Ouzo

The “all time proper” Greek aperitif

Ouzo is an exclusively Greek spirit drink. The word Ouzo cannot be translated. It is a name traditionally used to describe a spirit, the history of which is lost in the depths of time.

Ouzo is a mixture of ethanol (alcohol), water and various aromatic herbs, which always include anise. Other substances that can be used to aromatize it are fennel, star anise, mastic, cinnamon, clove, coriander, angelica root, linden blossom, cardamom, mint, etc.

Although there are no scientific studies regarding the effects of white spirits, most experts estimate that, in small doses (1-2 ouzo glasses) ouzo can have a beneficial effect to one’s health.

Ouzo “works” one’s appetite due to anethole, the essential oil that anise contains. Anise, which gives to ouzo its distinctive flavor, is believed to help in the absorption of iron in foods. Also anise has proved to calm contractions and has a mild, antiparasitic activity in the intestine. Moreover, ouzo causes vasodilation and reduces blood pressure.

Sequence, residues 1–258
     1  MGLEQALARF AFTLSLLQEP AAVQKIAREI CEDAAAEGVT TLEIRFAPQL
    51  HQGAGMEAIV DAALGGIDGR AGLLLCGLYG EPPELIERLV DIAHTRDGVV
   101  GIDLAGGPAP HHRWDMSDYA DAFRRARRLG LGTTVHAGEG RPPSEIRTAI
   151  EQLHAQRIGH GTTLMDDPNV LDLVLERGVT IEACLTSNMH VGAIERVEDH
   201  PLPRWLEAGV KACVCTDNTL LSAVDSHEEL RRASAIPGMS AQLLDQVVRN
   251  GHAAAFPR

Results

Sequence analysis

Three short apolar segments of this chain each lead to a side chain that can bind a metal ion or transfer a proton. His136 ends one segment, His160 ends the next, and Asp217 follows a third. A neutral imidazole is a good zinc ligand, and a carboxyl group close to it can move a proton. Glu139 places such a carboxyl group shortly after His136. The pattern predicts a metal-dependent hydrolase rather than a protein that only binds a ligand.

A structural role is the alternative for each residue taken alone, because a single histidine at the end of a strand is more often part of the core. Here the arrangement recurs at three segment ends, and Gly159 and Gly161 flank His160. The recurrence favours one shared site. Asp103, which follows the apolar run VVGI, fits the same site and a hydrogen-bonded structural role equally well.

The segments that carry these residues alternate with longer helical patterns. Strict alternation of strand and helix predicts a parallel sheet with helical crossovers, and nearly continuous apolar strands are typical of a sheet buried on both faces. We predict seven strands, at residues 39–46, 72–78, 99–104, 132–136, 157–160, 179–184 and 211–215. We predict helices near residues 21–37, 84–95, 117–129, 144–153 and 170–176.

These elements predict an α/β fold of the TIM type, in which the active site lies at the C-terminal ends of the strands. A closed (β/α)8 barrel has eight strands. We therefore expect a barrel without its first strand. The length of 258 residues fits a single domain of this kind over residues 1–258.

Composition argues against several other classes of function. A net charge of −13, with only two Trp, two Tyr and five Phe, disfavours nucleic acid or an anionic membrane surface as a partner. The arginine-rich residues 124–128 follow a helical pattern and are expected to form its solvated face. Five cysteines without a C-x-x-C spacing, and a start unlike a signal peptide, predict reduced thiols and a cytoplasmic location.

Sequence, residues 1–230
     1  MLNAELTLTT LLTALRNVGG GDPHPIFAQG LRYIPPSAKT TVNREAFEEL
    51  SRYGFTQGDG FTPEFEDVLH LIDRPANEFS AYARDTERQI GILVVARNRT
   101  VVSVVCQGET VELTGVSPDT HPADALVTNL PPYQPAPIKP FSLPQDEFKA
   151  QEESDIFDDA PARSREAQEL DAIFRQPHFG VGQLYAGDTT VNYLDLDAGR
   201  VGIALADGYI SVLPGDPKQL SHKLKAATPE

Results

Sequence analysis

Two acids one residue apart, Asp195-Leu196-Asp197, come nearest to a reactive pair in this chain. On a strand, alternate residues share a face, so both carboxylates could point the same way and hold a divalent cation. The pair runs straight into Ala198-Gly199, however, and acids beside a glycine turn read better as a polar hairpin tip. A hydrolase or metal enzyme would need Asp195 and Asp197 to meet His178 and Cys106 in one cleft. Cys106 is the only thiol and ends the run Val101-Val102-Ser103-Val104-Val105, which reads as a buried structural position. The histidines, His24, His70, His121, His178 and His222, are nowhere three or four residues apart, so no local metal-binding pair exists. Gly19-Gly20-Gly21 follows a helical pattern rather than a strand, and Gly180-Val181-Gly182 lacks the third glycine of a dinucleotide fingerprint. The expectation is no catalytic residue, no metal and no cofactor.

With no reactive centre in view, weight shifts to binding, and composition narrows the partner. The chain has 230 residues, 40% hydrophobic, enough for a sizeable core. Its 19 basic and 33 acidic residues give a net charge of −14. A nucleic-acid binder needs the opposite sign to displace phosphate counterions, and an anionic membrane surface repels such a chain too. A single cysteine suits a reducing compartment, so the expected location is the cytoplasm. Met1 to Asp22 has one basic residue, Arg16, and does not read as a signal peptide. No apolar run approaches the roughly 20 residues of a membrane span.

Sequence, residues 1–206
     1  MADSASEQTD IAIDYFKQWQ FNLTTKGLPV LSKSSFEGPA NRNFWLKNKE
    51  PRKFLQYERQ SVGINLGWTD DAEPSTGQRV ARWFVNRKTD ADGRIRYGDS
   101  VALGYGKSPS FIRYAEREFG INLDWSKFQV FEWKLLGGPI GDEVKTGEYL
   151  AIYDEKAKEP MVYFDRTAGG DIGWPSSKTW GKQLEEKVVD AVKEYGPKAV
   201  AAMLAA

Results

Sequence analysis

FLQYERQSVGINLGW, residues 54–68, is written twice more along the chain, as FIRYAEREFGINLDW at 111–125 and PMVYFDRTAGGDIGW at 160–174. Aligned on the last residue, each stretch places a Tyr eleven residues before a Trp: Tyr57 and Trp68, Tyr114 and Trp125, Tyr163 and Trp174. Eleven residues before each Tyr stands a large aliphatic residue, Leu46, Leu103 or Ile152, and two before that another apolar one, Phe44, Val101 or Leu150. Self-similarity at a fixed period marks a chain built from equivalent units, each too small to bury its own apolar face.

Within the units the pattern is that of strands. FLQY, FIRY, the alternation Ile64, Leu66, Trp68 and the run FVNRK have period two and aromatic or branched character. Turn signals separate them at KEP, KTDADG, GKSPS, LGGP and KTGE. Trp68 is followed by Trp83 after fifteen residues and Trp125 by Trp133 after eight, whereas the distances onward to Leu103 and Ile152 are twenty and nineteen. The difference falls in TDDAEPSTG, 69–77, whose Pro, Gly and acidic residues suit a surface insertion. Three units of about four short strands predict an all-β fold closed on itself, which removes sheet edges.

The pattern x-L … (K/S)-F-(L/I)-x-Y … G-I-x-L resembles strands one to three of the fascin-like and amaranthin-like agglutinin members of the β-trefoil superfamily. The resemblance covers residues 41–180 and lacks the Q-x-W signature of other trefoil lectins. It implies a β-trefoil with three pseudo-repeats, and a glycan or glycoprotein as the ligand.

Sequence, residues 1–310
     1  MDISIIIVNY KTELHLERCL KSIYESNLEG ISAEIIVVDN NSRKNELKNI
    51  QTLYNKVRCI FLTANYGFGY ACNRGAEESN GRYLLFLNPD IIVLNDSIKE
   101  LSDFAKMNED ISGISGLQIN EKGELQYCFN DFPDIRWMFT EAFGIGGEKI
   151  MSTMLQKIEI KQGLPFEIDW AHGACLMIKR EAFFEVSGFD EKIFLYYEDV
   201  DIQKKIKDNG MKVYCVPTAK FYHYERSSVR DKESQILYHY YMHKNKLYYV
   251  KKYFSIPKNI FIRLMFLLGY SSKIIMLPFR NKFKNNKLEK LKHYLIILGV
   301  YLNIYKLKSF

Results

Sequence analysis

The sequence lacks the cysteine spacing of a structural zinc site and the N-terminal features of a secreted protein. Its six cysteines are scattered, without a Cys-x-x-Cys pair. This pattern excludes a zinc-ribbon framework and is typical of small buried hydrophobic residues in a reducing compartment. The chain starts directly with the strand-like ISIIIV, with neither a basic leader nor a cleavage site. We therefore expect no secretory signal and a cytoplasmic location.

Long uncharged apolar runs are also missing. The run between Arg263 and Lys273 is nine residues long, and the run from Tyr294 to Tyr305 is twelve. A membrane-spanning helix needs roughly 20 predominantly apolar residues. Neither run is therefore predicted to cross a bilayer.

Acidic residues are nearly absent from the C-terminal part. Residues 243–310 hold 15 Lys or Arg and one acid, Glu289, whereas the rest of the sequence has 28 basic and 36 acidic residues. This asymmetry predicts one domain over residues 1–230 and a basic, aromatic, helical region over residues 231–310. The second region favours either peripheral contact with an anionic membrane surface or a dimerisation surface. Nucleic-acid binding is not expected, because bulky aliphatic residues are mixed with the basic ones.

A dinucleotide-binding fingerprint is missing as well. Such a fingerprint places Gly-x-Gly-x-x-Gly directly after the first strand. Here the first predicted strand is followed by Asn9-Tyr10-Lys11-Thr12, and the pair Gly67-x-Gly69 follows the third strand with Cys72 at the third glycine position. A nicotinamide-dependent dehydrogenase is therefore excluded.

Ouzo seems to have its origins in the Greek territory in the Byzantine era, but became widely known thanks mainly to Asia Minor refugees distillers. It is mostly distilled in Lesvos and Chios, but a long history of distilling ouzo has also northern Greece.

Serve “à la Greek” ouzo with ice and a little cold water in a tall glass before dinner, to “work” the appetite of your guests!

Ouzo is a recognized national product by the European Union, and the name “ouzo” cannot be used for similar European drinks.

MLGFB Tip:

Ouzo is a sweet but strong drink, so it’s better if you could accompany it with a meze:

  • The Authentic Greek Way to serve ouzo includes a small plate with olives, a slice of bread, a piece of cheese, a tomato cut in four and a slice of cucumber
  • In coastal areas it is served with small fishes and seafood, such as anchovies in vinegar or fried, sardines, octopus etc.
  • In mountainous areas the accompanying appetizers are more “fatty” and include pickles, sausages, spicy cheeses, etc.

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